Assuming this is on your '68 Amazon and you are using the original choke cable/arrangement take a look under the dash where the cable makes a 180 at the attaching point for the choke handle. Note that the cable is actually a single wire with the ends originally operating the choke mechanisms on each dual carb. Currently, is the choke arrangement under the dash as original? Are both sheaths firmly anchored in the bracket so as not to move when the choke handle is operated?

Looking under the hood - where are those two ends in relation to the Weber and how are their sheaths anchored?

Any pics?

George Dill
 

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Discussion Starter · #4 ·
Sorry for the delay. I got distracted with a charging system upgrade.

A little further study and I realize that the butterfly appears to be operating correctly. I had thought that closing the butterfly completely would still allow enough air into the carburetor for it to run. Turns out that was wrong - closing it manually causes the engine to die. So it appears the butterfly is not the culprit.

More fooling around showed that even manually bumping up the idle speed, the engine still misfires occasionally, has *very* sluggish throttle response, and tends to stagger and die when cold. Are there any other adjustments on the Weber apart from the fast idle cam and choke butterflies that would affect cold operation?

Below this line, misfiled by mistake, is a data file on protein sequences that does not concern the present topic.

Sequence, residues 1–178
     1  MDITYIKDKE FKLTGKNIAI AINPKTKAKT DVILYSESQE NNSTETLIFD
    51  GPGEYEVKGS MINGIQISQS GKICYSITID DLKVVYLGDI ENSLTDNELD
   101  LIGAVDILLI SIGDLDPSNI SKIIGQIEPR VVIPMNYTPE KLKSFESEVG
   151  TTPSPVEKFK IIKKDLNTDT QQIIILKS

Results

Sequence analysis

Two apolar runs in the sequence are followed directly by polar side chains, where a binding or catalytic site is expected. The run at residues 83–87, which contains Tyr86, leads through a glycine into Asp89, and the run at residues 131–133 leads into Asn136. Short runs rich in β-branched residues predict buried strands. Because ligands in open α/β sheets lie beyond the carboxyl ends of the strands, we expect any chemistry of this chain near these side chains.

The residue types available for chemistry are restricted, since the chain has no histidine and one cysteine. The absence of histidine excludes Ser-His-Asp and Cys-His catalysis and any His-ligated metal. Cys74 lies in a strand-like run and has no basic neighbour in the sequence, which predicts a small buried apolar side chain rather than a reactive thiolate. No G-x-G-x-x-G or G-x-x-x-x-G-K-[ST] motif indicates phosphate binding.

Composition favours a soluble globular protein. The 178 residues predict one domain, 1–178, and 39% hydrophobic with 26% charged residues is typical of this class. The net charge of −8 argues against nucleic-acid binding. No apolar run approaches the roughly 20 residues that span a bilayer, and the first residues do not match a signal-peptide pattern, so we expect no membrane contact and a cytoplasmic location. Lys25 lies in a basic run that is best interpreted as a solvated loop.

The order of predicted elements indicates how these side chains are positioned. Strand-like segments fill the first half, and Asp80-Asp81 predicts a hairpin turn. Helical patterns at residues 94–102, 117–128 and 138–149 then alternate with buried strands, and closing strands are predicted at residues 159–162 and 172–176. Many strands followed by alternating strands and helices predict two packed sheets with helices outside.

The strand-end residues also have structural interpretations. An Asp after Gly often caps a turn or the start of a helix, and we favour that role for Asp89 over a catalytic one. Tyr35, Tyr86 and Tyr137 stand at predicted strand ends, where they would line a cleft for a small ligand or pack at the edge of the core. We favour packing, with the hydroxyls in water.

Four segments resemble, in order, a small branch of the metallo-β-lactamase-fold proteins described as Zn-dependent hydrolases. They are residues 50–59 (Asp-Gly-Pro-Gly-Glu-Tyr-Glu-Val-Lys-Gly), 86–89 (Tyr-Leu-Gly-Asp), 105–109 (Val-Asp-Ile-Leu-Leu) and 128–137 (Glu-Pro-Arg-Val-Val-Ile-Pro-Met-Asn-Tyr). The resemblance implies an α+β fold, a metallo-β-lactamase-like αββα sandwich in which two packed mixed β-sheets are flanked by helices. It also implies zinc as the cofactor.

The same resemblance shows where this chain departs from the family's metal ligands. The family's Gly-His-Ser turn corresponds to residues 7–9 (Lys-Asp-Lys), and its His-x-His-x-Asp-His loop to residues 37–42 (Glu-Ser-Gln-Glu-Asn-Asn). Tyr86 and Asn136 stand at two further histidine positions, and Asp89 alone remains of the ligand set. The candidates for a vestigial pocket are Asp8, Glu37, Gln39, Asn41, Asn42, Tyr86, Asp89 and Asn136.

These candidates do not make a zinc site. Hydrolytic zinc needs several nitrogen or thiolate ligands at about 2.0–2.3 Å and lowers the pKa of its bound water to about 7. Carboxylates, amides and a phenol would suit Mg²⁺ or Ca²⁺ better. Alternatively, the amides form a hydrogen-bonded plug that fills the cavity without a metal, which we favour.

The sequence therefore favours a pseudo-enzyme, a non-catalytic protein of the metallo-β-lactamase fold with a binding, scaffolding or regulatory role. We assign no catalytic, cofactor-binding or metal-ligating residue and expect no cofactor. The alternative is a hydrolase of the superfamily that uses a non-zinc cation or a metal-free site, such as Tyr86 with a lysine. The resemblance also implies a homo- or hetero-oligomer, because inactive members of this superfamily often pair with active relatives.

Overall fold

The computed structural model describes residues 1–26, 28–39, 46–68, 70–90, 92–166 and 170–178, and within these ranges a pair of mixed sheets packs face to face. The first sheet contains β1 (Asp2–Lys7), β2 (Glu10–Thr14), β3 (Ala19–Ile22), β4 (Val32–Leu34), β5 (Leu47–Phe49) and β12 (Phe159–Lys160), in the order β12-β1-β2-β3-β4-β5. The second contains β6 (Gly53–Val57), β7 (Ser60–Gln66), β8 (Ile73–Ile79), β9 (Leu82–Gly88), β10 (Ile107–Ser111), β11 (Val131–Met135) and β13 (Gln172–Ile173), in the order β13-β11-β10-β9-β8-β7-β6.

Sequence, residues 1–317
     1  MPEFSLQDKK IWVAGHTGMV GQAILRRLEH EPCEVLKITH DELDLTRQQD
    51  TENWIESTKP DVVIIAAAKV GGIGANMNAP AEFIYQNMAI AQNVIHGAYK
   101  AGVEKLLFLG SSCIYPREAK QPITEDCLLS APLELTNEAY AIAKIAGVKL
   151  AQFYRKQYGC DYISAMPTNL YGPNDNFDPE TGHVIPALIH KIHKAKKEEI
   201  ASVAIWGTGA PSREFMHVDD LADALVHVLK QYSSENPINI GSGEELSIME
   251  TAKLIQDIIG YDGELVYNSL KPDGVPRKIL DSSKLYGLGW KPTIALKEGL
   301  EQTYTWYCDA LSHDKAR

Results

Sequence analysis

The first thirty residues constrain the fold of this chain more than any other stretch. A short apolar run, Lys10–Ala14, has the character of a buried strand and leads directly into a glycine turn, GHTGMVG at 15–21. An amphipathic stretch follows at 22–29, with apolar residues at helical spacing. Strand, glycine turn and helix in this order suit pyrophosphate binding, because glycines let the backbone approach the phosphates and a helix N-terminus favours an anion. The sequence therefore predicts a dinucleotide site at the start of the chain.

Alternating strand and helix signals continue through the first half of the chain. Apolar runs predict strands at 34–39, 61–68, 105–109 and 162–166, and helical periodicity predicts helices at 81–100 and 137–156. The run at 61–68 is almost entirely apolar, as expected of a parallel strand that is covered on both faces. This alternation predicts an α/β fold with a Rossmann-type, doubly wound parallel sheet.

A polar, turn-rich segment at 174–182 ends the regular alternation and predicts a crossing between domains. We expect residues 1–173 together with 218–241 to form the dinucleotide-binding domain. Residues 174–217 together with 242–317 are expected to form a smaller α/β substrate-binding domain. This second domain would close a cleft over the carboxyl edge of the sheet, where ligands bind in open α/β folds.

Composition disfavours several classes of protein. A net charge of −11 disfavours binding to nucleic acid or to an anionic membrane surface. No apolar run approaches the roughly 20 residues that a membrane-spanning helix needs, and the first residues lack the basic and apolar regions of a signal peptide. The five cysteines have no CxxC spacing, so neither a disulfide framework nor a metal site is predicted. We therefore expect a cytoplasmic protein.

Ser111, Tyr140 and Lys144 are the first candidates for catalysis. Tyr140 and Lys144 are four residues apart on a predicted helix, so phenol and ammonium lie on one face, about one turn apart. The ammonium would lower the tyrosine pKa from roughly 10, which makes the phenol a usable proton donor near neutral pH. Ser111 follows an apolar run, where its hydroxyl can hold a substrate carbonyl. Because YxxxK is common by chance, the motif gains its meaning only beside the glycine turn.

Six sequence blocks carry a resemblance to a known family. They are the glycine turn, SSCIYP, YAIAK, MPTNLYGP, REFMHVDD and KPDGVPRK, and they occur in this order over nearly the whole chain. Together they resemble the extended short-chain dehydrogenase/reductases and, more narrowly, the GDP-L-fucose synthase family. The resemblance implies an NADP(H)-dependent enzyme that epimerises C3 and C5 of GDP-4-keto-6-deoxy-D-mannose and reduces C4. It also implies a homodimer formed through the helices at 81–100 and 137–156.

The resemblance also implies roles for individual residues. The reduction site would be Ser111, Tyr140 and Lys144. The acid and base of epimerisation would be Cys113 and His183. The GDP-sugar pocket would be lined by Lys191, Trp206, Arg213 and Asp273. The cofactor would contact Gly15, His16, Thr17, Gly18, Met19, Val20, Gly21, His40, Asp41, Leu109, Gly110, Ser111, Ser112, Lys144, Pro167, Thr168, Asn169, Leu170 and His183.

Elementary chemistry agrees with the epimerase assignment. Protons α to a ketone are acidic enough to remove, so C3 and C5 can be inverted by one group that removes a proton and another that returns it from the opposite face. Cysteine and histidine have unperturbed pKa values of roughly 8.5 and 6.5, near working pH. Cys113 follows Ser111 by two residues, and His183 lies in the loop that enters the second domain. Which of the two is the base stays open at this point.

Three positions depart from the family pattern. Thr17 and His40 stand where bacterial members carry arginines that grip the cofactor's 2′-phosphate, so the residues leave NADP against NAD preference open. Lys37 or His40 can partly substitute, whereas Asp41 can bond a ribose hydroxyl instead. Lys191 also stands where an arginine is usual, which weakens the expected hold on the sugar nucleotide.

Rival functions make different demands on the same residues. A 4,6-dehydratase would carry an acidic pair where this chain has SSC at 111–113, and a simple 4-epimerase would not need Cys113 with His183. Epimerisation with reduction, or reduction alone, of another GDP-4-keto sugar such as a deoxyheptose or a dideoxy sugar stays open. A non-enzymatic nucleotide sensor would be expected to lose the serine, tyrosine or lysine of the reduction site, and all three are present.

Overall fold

Interestingly enough, there appears to be a very abrupt transition (in my engine, at least) between "cold" and "warm." The car will be running horribly, then all of a sudden everything will smooth out and purr.
 

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Discussion Starter · #5 ·
Assuming this is on your '68 Amazon and you are using the original choke cable/arrangement take a look under the dash where the cable makes a 180 at the attaching point for the choke handle. Note that the cable is actually a single wire with the ends originally operating the choke mechanisms on each dual carb. Currently, is the choke arrangement under the dash as original? Are both sheaths firmly anchored in the bracket so as not to move when the choke handle is operated?

Looking under the hood - where are those two ends in relation to the Weber and how are their sheaths anchored?

Any pics?

George Dill
George, it's a non-stock cable with a single wire. The wire appears to move properly when the choke handle is pulled.
 

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Phil, I think it's time to address how your DGV is jetted. There's an idle mixture screw, which is the horizontal one in the base of the carb. Warm up the engine fully, and then experiment with that to get the fastest/smoothest idle. If the idle speed increases, use the idle speed screw to bring it back down. It might take a pass or two going between those two adjustment.

Now turn off the engine, and turn the idle mixture screw all the way in until it seats using only light pressure. Count how many turns it takes to seat it, then turn it back out to its previous position (the engine won't run with it all the way seated). Ideally, it should take 1-1/2 turns. If it takes 2 turns, the primary idle jet is too small. If it takes less than 1-1/4 turns, that jet is too large.

Please report back...
 

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Discussion Starter · #9 ·